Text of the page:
The Austrian bank Österreichische Creditanstalt – Wiener Bankverein was taken over by the Nazis in 1938 following the Anschluss and renamed the Creditanstalt Bankverein (CABV). During World War II, the CABV expanded into the Czech Lands, Slovakia, Hungary, Poland, Ukraine, Yugoslavia, Romania and Bulgaria. By 1942, it fell fully under the control of the Deutsche Bank. Over the last 50 years, many pre-Anschluss Jewish account ...Read more
Please note: This program is closed.
In 2000, the Claims Conference intensified its property negotiations with Austria, contending that over the last 50 years Austria had not adequately addressed the major material losses of its Jewish population during the Holocaust. Not only was the First Republic unable to protect a part of its citizens from traumatic deportation and annihilation – some of which was perpetrated by ...Read more
Various initiatives began during Kurt Waldheim’s controversial presidency (1986-1991) on the question of what could still be done for surviving Austrian Nazi victims. Procedures began in the Austrian Parliament to emphasize Austria’s responsibility for Nazi crimes perpetrated on some of its citizens.
The 2nd National President of Parliament, People’s Party member Heinrich Neisser, made an appeal for a fund to benefit all Austrian Nazi victims, regardless ...Read more
Following Germany’s example in grappling with the issue of compensating former slave and forced laborers under the Nazis, the Austrian government commissioned historians to research slave and forced labor in Austria during World War II. Their reports were issued in 2000: www.historikerkommission.gv.at
A Hungarian gendarme checks a woman entering the Munkács ghetto Photo: Yad Vashem
Please note: This program is closed.
The Claims Conference Budapest Fund made one-time payment of €1900 to Nazi victims who were persecuted as a Jew in Budapest at any time during the period from March 1944 to January 1945 and met the following eligibility criteria:
The Budapest Fund shall only make payments to persons who ...Read more
This program is now closed. The following information is for historical purposes only.
The Claims Conference wishes to inform Holocaust survivors and the families or heirs of Holocaust victims, who were transported to concentration and extermination camps during World War II by Nederlandse Spoorwegen (NS), the Dutch state railway company, that they may be eligible to receive a lump-sum payment from a fund established by NS. ...Read more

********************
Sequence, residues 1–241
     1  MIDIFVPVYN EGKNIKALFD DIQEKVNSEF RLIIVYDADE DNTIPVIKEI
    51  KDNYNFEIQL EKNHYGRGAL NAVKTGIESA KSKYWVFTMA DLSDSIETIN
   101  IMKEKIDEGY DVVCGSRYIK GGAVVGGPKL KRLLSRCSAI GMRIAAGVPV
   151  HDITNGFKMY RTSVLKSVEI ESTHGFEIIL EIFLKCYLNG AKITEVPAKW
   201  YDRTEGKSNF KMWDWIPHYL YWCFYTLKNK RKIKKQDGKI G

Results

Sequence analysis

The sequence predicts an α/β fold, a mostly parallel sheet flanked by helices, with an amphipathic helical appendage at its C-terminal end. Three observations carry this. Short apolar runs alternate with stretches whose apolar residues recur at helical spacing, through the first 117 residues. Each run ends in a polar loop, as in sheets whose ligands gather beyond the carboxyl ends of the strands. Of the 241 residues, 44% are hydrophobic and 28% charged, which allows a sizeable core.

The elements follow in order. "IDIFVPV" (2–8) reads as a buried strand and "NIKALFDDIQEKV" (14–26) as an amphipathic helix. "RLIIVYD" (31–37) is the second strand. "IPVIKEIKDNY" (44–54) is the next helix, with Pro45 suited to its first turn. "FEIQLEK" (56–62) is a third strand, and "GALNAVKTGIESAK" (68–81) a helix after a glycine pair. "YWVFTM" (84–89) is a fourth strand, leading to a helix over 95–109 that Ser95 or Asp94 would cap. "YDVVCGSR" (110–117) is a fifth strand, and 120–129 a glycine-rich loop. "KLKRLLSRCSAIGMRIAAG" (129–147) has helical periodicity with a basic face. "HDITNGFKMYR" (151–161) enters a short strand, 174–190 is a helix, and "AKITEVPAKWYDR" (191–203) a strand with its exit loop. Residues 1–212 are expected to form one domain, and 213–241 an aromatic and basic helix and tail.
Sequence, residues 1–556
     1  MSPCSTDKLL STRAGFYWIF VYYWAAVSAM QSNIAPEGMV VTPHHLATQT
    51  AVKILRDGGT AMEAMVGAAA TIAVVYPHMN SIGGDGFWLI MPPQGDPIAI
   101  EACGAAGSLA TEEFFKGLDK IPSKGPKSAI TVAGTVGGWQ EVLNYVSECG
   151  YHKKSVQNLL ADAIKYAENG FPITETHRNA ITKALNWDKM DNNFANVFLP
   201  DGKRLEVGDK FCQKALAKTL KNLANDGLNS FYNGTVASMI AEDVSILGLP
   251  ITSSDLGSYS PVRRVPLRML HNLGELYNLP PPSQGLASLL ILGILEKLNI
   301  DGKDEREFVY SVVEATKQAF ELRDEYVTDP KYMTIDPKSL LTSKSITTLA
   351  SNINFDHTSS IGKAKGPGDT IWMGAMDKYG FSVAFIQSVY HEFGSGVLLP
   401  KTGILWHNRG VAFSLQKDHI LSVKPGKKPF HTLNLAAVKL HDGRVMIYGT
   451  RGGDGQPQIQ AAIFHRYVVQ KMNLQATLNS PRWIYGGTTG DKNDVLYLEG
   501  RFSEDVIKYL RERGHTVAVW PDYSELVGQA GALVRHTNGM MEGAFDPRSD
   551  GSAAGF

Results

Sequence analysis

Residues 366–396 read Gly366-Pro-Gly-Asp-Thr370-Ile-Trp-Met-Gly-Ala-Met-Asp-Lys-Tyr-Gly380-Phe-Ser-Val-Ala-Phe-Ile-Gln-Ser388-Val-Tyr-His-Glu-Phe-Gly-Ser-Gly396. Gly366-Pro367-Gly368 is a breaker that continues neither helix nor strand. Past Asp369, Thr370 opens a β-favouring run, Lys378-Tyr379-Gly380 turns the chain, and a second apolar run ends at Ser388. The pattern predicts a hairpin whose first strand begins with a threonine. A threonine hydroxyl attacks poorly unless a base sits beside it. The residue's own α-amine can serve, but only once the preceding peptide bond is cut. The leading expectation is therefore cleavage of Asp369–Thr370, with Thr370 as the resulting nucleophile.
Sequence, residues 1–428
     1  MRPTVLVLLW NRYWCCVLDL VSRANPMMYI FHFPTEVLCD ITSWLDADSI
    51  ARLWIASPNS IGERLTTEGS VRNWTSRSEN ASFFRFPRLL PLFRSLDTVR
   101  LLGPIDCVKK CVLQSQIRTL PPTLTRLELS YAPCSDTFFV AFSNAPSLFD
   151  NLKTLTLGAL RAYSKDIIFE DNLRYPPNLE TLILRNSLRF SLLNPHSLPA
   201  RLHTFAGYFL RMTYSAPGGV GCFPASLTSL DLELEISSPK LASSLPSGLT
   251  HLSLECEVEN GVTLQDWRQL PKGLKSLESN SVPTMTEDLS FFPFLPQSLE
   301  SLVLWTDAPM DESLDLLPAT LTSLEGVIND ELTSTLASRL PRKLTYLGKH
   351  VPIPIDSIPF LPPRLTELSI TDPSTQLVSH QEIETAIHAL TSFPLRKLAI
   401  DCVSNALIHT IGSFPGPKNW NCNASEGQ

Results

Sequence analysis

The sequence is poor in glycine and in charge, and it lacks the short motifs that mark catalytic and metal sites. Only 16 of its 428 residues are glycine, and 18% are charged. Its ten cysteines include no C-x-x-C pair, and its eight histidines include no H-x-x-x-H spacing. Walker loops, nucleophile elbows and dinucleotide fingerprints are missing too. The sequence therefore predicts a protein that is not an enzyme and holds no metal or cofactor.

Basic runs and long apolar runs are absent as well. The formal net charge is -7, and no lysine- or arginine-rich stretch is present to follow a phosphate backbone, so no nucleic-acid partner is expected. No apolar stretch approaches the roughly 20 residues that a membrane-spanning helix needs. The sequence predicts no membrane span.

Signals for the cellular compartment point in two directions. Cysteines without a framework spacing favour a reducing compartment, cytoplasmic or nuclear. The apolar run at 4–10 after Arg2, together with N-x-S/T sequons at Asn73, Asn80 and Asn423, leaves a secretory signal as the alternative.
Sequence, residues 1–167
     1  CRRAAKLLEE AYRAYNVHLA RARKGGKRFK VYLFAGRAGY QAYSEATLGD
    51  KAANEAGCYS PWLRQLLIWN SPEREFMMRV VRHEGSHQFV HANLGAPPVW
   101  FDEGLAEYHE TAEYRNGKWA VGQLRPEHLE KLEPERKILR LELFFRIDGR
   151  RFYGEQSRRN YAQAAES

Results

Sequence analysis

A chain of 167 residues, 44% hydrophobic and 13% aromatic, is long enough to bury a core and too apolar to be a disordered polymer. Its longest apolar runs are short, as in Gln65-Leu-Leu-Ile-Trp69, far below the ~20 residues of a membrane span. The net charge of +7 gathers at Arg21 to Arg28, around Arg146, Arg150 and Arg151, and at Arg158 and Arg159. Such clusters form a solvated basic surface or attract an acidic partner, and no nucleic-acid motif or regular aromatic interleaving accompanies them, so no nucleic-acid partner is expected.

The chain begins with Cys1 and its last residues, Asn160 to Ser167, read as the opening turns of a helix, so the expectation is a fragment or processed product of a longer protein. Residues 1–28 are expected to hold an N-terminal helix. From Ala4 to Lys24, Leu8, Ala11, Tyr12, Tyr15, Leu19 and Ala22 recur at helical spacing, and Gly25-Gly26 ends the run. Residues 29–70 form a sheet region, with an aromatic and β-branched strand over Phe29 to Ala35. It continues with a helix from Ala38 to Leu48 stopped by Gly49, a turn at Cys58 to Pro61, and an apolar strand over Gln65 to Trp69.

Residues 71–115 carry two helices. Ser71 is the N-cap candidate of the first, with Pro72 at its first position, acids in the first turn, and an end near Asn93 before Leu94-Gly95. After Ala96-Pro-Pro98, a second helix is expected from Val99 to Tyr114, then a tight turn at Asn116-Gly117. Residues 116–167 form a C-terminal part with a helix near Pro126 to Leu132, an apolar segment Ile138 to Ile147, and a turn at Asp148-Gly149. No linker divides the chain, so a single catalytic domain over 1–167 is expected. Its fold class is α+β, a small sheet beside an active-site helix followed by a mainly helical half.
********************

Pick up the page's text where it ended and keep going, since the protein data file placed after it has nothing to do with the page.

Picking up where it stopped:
In 2005, the Claims Conference concluded payments from the Fund for Victims of Medical Experiments and Other Injuries. The Fund was part of the German Foundation “Remembrance, Responsibility and the Future” and was administered by the Claims Conference for Jewish claimants (aside from those in the Czech Republic, Poland, and the former Soviet Union).
Please note: The claims and appeals process for ICHEIC has closed.
In 1998, together with U.S. insurance regulators, representatives of the State of Israel and the World Jewish Restitution Organization (WJRO), the Claims Conference was involved in the establishment of the International Commission on Holocaust Era Insurance Claims (ICHEIC) in order to resolve disputes over unpaid insurance policies issued by a number of major European insurance ...Read more
Together with the Federation of Jewish Communities in Austria, the Claims Conference continues to press for the return of all Nazi-looted art objects to former owners or their heirs and for the sale of unclaimed objects for the benefit of victims of Nazi persecution in and from Austria.
In 1986, the Claims Conference met with Austrian Chancellor Fred Sinowatz to press for legislation to enable owners ...Read more
The Claims Conference Program for Former Slave and Forced Laborers began in 2000, after German government and industry agreed to a DM 10 billion fund to compensate surviving former laborers under the Nazis. The Claims Conference was a major party in the protracted negotiations that led to the agreement.
In late 1996 and early 1997, a series of class action lawsuits were filed in United States District Court against three Swiss banks. The suits alleged that the Swiss banks knowingly retained and concealed assets of Holocaust victims, and collaborated with and aided the Third Reich by accepting and laundering illegally obtained Nazi assets and profits of slave labor.
Please note: The Swiss Refugee Program is closed.
Compensation for Jewish Refugees Who Fled to Switzerland to Escape the Nazis
The program compensated Jews who fled to Switzerland to escape the Nazis and were turned back at the border, expelled from the country, or mistreated while there. From December 2001 through early 2005, the Claims Conference paid a total of $10.6 million to 3,858 former refugees.
These refugees ...Read more